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Welcome to J-Wire. This content in this section is available for publishing by Saskatchewan Weekly Newspapers, with attribution to the author. Please write in the comment field where and when the article will be published. To download high-res versions of the photos in this section, please visit our Flickr site here:

Bus passenger Kristine Beer

Alsask Bus Service recently shut down its operations, ending intercity service between Saskatoon and Calgary, and leaving residents of towns and villages along Highway 7 in west central Saskatchewan with no bus service to their communities.

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When Kerry Benjoe signed up for the INCA Summer Institute in Journalism in 2002, she thought it would just be an interesting elective; but it ended up preparing her for a 16 year career in which she has become a trusted voice for Indigenous peoples in Saskatchewan media and a conduit for reconciliation.

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L to R: Elders Millie Anderson and Sylvia Obey will be presenting at the second annual Elders’ Conference at the First Nations University of Canada on March 23 and 24. Anderson and Obey will be offering their knowledge during a women’s talking circle on the second day of the event. Photo by Michaela Solomon.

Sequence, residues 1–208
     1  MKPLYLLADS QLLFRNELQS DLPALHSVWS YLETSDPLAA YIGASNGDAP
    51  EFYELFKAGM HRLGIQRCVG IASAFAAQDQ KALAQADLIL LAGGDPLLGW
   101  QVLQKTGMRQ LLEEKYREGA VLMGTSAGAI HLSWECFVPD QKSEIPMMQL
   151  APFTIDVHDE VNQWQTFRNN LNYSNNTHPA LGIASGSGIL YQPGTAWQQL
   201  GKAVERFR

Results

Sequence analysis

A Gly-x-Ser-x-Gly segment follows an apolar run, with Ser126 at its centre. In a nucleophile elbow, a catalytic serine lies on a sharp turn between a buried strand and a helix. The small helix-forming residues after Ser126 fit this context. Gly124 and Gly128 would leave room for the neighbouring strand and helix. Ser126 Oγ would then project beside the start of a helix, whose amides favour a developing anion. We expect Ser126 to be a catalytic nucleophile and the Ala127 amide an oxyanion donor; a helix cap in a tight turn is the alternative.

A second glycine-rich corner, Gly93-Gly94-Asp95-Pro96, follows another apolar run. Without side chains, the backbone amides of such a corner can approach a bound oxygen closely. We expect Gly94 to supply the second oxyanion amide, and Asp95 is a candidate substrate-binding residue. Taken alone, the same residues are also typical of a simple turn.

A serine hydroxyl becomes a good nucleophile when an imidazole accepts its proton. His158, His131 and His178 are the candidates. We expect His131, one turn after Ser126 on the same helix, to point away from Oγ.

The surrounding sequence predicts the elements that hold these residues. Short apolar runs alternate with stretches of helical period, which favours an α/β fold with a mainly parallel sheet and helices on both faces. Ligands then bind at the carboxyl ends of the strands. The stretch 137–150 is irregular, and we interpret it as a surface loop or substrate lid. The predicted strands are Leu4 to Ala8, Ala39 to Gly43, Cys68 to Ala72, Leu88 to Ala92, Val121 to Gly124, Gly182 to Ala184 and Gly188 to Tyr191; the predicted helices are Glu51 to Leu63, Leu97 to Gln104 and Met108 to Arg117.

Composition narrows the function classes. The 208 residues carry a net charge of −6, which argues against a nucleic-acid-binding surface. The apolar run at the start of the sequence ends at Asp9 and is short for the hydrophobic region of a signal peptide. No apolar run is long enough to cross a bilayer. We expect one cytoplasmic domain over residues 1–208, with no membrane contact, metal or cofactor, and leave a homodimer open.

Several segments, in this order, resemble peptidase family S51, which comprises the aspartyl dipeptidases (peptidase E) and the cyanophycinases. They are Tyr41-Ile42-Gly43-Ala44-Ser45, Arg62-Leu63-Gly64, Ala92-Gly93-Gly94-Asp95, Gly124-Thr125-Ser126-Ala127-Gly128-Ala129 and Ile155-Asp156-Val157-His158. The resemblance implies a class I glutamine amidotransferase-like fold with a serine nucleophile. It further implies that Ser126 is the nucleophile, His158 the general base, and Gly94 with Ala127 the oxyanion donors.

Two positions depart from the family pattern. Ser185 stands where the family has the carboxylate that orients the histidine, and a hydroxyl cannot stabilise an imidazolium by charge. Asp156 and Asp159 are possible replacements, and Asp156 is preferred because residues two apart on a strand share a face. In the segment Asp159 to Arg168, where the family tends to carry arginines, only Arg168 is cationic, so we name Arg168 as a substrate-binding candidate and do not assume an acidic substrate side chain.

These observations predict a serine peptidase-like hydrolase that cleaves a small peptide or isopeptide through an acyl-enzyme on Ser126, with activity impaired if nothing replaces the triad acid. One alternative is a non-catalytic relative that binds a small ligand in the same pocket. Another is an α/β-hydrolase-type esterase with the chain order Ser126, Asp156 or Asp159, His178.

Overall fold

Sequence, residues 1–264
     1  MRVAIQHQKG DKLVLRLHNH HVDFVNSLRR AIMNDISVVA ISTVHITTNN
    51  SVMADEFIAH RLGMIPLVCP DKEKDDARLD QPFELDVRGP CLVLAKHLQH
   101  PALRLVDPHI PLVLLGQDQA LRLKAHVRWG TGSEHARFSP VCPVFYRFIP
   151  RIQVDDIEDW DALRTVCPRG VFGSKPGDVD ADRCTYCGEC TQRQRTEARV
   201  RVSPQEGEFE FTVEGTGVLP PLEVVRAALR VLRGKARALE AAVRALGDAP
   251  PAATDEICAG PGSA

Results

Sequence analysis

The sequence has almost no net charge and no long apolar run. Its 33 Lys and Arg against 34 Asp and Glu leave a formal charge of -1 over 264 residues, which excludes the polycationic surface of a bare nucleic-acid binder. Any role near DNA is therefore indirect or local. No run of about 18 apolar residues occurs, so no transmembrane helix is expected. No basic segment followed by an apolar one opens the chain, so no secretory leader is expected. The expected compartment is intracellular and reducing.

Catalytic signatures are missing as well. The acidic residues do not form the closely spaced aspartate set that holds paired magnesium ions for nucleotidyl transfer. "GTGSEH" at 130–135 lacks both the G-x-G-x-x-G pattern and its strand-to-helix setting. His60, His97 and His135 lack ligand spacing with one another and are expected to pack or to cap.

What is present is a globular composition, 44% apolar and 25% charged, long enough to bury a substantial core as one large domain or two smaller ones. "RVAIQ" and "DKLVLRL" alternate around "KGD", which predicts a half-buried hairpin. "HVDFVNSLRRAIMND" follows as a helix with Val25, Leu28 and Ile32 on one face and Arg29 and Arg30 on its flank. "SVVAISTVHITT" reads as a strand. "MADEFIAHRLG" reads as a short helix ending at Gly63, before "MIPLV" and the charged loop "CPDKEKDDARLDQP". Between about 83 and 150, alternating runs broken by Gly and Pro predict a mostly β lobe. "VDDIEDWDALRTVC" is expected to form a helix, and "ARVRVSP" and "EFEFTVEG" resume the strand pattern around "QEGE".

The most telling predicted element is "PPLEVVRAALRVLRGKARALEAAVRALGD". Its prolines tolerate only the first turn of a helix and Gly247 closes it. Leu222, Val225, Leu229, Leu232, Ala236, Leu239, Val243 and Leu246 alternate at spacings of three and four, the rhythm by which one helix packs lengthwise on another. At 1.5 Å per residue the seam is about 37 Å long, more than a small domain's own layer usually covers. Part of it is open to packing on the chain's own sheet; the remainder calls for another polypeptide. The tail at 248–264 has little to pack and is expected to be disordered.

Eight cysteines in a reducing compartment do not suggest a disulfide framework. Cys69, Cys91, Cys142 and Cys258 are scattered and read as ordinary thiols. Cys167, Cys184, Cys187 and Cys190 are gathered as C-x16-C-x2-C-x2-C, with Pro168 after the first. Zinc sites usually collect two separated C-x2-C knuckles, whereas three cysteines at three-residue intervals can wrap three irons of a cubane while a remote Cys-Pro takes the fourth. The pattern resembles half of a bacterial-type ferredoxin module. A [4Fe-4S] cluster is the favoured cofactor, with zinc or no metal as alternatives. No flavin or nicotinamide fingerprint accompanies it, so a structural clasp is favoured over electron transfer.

The First Nations University of Canada’s second annual Elders’ Conference will focus on Indigenous education. Elders from Nakota, Dakota, Lakota, Saulteaux, Métis, Dene and Cree nations will be sharing their knowledge.

“Our hope for this conference is to ensure that the knowledge we often teach through our elders is being shared,” said Bettina Schneider, Associate Vice-President Academic of the FNUC. “Also to acknowledge and honour our elders.”

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Vincent Ziffle


Imagine a chemistry class where you can eat the result of your experiment.

The First Nations University of Canada (FNUniv) proudly presents the first of its kind Chemistry of Food and Cooking course (CHEM 101) in Saskatchewan, which will start in fall of 2018.

The architect behind the innovative course, Dr. Vincent Ziffle, says “This is an introductory chemistry class with a balance of theoretical and practical knowledge. It is intended for non-science majors, but science students can also take” the course.

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Go home.

Get a job.

Fucking Indians.

Those are the kinds of things Prescott Demas says are yelled out of car windows at him and his tent mates huddled around a campfire just outside the Saskatchewan Legislative Building.

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